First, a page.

Where Ingredients Matter

Where Ingredients Matter

Steve Hall, Abby Olitzky and their staff only have two hours to transition their kitchen from making mac and cheese to fennel pork ribs.

“I’ll be honest, I have not gotten too much sleep lately,” Hall said.

Hall, a former Community High Student, is experiencing firsthand what it is like to turn your passion into your profession.

Hall was a student at Community during the same time Paul Saginaw’s, the co-founder of Zingerman’s, sons went there. He recalls going to Zingerman’s almost everyday after school where Saginaw’s oldest son Zach, who worked behind the cheese counter, would tempt him with samples of exquisite cheeses from across the world. It was from these daily commutes that Hall’s passion and deep knowledge of cheese was cultivated.

After college, Hall moved out to San Francisco, where he had a performing arts internship. When this did not turn into the job Hall thought it was going to, he had to find another way to make money, so he got a job at a cheese shop.

Even though Hall was glad to be constantly working with his favorite food ,he desired something more out of the job. “I was very interested in organizing things and interacting more with people,” Hall said.

It was with this goal in mind that Hall and his wife, Olitzky, decided to open up their own food business. Olitzky and Hall realized that it would be too expensive to open up their business in San Francisco, so they decided to move back Hall’s home state, Michigan. “The original plan was to open up a specialty food market in Detroit,” Hall said. “There is just a lot of urban agriculture and excitement around food there. But we realized in terms of a long-term place to live it was not our best option.”

So Hall and Olitzky moved to Ann Arbor in 2012 and opened their business under the name Central Provisions. With Central Provisions, Hall and Olitzky would teach classes and make special event dinners as a pop-up restaurant. This allowed them to get their name out so that when they would decided to open up their own permanent restaurant in 2015, Spencer, they would not be completely new to the business.

With Spencer, which means “One who tends to a pantry,” Hall and Olitzky want to use local ingredients and support local food producers. “It can be hard because unlike California where stuff is always in season, Michigan has four distinct seasons, so that can restrict what we make but at the same time that’s what makes it so fun,” Hall said.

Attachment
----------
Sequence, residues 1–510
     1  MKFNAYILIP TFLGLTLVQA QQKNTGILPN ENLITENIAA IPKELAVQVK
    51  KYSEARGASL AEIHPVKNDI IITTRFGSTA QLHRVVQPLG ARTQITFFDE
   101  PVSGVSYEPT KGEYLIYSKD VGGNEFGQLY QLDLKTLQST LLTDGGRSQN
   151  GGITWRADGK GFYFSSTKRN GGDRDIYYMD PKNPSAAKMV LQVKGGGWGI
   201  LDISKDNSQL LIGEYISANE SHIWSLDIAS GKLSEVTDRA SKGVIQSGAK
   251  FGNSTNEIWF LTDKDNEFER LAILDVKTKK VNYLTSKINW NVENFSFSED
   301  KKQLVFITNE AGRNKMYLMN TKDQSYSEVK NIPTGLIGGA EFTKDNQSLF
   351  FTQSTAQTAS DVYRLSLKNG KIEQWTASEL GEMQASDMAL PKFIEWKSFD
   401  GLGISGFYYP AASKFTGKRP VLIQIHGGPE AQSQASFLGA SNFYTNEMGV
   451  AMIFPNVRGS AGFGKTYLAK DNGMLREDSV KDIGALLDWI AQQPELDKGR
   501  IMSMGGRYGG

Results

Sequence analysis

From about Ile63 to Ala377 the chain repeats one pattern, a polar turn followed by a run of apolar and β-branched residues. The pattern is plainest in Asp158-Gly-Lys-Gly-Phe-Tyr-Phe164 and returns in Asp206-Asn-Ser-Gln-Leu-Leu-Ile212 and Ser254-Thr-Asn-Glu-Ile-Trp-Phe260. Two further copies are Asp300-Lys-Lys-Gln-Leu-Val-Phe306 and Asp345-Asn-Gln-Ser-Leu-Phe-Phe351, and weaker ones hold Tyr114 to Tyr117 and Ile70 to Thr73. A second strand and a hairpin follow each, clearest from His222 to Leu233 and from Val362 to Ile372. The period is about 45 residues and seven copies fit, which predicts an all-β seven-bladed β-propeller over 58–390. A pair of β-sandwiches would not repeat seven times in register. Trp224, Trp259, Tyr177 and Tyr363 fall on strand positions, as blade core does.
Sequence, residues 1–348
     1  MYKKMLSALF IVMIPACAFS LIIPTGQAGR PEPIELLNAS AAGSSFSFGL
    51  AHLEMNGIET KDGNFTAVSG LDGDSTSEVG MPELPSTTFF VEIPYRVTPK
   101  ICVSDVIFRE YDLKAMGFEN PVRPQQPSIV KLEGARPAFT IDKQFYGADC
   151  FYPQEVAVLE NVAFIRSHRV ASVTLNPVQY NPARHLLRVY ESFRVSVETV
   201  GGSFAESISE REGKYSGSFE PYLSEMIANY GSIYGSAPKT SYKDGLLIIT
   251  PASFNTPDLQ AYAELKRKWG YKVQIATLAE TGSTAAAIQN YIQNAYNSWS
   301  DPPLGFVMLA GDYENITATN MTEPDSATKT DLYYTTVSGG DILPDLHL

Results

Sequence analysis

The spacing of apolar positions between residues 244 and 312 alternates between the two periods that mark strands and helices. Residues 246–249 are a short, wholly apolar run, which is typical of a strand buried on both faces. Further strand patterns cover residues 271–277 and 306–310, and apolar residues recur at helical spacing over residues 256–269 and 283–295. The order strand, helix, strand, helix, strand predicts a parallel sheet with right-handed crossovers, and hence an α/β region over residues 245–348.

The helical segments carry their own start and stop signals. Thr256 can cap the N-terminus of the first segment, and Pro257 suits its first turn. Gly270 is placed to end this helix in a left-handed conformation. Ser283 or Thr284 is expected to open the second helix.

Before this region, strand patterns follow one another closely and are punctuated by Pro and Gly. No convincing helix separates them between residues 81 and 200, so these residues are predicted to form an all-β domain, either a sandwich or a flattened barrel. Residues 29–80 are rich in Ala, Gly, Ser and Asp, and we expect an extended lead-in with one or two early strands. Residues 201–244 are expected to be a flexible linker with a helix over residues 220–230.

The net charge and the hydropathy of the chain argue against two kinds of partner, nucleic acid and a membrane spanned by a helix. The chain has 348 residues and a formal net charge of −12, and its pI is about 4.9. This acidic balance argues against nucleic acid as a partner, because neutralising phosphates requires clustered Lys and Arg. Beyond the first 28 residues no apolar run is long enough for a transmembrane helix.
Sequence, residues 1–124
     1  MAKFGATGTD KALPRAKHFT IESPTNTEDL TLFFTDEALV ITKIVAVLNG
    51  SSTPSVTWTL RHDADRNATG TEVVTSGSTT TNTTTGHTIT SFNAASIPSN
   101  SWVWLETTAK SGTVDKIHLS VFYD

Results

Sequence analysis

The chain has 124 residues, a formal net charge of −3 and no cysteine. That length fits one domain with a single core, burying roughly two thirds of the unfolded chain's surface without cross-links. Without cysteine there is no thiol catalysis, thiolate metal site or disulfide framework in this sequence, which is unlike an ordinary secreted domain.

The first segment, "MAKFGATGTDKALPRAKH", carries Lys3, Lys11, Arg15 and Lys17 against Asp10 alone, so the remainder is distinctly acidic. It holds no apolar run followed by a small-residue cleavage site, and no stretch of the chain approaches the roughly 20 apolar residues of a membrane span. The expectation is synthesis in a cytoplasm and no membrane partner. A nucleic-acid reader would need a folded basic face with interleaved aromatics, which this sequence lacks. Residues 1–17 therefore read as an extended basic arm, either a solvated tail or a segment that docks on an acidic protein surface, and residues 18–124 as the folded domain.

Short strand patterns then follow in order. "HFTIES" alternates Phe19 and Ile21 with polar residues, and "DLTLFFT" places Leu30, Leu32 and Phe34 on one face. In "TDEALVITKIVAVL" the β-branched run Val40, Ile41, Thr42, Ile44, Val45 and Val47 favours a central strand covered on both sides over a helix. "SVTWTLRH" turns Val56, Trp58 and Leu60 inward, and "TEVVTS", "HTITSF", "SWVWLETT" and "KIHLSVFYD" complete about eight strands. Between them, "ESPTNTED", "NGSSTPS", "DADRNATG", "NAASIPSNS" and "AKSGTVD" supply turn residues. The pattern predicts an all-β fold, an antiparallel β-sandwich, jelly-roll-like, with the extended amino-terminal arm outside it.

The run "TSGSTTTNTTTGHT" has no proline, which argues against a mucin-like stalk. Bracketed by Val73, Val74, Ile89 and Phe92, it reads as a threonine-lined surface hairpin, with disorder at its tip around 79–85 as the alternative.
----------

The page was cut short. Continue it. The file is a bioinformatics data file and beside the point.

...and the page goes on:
This seasonal aspect allows Hall and Olitzky to be constantly changing their menu, something that makes Spencer unique. “There are many great restaurants in Ann Arbor, but a lot of them have the essentially the same menu every time you go. With Spencer, we change our dinner menu every other day and working with local farmers allows us to do that. So for example, if I get a great batch of radishes in, I am going to run radishes that week.”

Apart from just knowing that his ingredients are wholesome and fresh, Hall also likes working with local farms because he gets to talk to the people who actually produce the food. It was very important to Hall and Olitzky to have these relationships with their farmers before opening Spencer.

“Having a farmer going to get his animals processed and asking us how we would like our meat cut or is planning on planting herbs and asking us what type of herbs we would like them to plant is much better than calling Gordon Food Services and asking for white onions,” Hall said.

These personal relationships Hall and Olitzky have developed with their food producers is also a relationship they want to have with their diners. At Spencer, instead of having a waitstaff, the chef who prepared your food brings it to you. Only having 37 dining spots available at any given time also allows Hall to get feedback directly from his customers on the food.

This deep empathy Hall and Olitzky have for the food they provide is not just in their prepared dishes but in their cheese and wine that they sell retail and in flights. “I traveled all over the country visiting different dairy producers and learning about different cheeses before we opened up,” Hall said.

Hall looks for the same passion of quality cheese he has in the producers he orders from. “One of our cheeses, Pleasant Ridge Reserve, has won best cheese in America three times in the past decades and part of what makes this cheese so special is that they only use summer dairy when the cows are eating fresh grass. So I asked the farmer how do you know when the cows are ready to be milked? He told me that he goes around to each individual cow and smells their breath because when the cows breath is really bad he knows that the grass has started to ferment in their fourth stomach,” Hall said.

In the future, Hall hopes to potentially move to a larger location, but as of now, he could not be happier finding high quality ingredients and then turning them into high quality food for his diners.